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The Institutional Risk Analyst

© 2003-2024 | Whalen Global Advisors LLC  All Rights Reserved in All Media |  ISSN 2692-1812 

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Interview: Brian Barnier on the Fed and Inflation in Never Never Land

June 17, 2024 | In this issue of The Institutional Risk Analyst, we feature a discussion with another close observer of the Federal Open Market Committee, economist Brian Barnier. Brian is co-founder and editor of economic and market site Fed Dashboard & Fundamentals, where he applies decision science analysis to bust market and economic myths. Brian’s work deciphering Fedspeak is more akin to Ghostbusters than a polite lab experiment, and always insightful.

The IRA: So Brian, great to connect again. We sent you a bunch of questions about the economy and inflation, and how the Fed is handling both parts of the mandate in Humphrey-Hawkins. In typical fashion, you have responded with two cool graphics from Fed Dashboard.

Barnier: In terms of inflation, the first chart tells the true story of price increases across different sectors of the economy. In Chart 1, the rather complicated circle in the negative in terms of price inflation are, in order: Sports and RVs, household maintenance, fuel oil, personal care products, furniture, schools, men and boy’s clothing, postal service, photo equipment, other clothing and footwear, water supply and sanitation and rental value of farm dwellings.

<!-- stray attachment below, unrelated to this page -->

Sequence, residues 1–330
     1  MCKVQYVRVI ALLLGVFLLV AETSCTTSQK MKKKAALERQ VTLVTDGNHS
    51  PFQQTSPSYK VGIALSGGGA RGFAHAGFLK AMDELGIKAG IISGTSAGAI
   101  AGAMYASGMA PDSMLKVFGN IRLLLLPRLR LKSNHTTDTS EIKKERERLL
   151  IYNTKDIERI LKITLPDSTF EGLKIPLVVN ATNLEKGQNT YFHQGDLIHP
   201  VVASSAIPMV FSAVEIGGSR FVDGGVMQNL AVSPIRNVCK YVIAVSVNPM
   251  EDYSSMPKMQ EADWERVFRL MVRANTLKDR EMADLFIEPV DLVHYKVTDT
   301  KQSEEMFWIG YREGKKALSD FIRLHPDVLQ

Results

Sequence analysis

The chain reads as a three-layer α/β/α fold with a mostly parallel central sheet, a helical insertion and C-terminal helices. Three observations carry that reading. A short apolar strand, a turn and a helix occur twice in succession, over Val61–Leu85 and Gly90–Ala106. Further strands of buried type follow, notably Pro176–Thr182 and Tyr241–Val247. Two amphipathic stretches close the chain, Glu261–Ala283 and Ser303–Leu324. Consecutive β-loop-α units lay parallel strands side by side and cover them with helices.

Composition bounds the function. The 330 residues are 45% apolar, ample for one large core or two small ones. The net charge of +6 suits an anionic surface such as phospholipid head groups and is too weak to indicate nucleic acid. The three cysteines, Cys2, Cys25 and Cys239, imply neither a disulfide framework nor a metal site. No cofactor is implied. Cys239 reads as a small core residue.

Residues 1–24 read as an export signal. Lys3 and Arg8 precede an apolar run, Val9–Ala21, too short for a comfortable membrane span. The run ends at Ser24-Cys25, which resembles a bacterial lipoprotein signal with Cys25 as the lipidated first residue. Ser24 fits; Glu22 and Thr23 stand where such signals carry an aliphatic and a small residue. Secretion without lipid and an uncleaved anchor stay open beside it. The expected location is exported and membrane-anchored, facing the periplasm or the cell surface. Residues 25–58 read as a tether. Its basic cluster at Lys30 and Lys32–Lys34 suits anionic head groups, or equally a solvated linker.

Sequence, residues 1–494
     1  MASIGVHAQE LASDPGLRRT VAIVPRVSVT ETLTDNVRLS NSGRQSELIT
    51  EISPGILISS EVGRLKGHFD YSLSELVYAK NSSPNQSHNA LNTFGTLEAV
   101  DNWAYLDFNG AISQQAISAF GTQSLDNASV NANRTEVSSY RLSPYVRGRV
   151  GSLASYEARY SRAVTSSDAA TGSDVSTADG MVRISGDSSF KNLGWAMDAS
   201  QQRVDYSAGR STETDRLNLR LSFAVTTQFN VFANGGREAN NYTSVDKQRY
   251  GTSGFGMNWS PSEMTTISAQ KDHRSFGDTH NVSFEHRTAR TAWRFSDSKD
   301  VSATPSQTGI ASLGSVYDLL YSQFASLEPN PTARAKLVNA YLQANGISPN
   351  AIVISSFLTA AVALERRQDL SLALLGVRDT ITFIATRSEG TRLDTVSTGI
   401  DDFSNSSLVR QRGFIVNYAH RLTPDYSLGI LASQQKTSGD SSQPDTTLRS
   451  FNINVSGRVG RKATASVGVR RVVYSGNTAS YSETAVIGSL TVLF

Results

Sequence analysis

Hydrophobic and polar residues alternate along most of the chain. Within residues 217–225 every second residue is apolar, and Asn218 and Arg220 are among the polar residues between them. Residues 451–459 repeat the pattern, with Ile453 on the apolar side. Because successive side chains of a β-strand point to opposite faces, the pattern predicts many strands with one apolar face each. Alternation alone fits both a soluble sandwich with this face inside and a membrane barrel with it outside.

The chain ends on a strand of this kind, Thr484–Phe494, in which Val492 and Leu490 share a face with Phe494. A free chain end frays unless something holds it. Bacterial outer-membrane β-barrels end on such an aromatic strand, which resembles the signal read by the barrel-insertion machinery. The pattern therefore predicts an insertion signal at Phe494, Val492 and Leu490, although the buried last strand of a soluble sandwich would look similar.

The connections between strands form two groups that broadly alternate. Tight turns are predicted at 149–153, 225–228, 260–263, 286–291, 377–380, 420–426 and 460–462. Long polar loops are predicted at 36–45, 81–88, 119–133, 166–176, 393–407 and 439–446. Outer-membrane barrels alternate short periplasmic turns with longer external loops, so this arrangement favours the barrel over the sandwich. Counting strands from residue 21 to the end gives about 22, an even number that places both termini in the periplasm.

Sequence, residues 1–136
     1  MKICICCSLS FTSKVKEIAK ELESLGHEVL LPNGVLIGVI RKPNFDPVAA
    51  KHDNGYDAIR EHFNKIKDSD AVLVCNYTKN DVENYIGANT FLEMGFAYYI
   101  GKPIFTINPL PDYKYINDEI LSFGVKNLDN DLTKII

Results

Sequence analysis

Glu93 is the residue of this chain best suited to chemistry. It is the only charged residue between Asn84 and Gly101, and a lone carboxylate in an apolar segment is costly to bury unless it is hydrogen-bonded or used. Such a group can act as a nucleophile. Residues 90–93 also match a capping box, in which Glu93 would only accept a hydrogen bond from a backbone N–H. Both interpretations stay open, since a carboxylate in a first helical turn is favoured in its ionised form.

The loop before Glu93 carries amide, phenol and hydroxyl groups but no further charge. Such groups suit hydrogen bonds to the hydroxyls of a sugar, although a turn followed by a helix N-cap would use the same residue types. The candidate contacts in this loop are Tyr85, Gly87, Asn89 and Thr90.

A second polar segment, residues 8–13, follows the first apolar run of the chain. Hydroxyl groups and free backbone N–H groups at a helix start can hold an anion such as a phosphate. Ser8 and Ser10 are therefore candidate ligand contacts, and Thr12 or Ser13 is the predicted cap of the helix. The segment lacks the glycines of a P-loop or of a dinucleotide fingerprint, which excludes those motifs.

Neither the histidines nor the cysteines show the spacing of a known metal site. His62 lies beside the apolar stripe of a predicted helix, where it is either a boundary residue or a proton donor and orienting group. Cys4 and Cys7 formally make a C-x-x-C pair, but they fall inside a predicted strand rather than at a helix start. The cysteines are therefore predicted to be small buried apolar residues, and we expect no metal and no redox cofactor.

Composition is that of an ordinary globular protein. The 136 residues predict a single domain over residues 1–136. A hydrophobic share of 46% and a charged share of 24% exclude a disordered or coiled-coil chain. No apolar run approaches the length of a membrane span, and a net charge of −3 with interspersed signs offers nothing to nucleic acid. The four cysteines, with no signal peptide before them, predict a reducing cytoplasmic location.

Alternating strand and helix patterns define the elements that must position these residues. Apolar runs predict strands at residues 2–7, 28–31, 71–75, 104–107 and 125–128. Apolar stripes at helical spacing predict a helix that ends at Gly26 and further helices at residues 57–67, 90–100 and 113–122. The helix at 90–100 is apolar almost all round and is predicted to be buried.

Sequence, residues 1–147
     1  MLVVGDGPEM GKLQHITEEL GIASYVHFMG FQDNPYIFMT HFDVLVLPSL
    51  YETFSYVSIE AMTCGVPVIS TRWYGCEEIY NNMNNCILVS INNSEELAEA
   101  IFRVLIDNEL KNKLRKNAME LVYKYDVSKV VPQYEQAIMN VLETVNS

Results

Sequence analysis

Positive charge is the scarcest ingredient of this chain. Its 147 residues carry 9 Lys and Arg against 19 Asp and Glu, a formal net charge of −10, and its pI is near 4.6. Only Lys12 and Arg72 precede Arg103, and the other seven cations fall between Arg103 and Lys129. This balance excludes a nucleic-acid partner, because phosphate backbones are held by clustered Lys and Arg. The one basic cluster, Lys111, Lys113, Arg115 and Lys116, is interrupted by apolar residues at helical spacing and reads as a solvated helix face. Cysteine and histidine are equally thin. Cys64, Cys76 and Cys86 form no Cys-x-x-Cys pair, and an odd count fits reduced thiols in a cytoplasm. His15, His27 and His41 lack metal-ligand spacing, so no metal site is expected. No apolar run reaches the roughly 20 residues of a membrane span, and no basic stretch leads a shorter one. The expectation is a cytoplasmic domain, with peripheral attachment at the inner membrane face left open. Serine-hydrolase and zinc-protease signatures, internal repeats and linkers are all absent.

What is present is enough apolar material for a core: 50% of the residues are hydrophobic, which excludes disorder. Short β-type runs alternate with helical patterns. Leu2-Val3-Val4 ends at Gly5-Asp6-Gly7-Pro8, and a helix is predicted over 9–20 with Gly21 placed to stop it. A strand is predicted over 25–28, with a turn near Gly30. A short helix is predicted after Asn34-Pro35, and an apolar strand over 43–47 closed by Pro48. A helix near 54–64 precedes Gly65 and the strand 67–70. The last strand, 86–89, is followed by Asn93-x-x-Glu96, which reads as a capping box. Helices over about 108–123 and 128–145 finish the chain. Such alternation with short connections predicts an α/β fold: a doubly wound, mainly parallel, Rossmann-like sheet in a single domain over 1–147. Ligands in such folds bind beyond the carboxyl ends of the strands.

The IRA: Yes, auto prices were decelerating last year as the effect of COVID on loss severities was reversed. Everything else is going up in price. This suggests that the Fed has not even begun to address inflation to date, only the future rate of increase. We’d need high rates for longer to deflate these prices, but the collateral damage of such a deflation would be horrible. Does the FOMC actually realize the extent to which they have been marginalized?

Barnier: The FOMC has been in never-never land since the economy globalized in the early to mid-1990s. Some people date this trend toward globalization starting in the late 1980s and increasing globalized financial markets. Some products and services face rising and falling prices – see my immediate past version of Chart 1 below.

The IRA: What does this chart tell us?

Barnier: The FOMC cannot control the economy the way they did in the post-WWII period. For example, today, the FOMC cannot control building permits or all cash buyers for housing. The CPI for the entire country was recently distorted by higher Detroit imputed rents. Thus, imputed rent is beyond the FOMC’s reach – this was not always the case. In the 1950s through maybe into the late 1990s, the FOMC could control mortgage interest rates and building permits flowed freely for expanding families.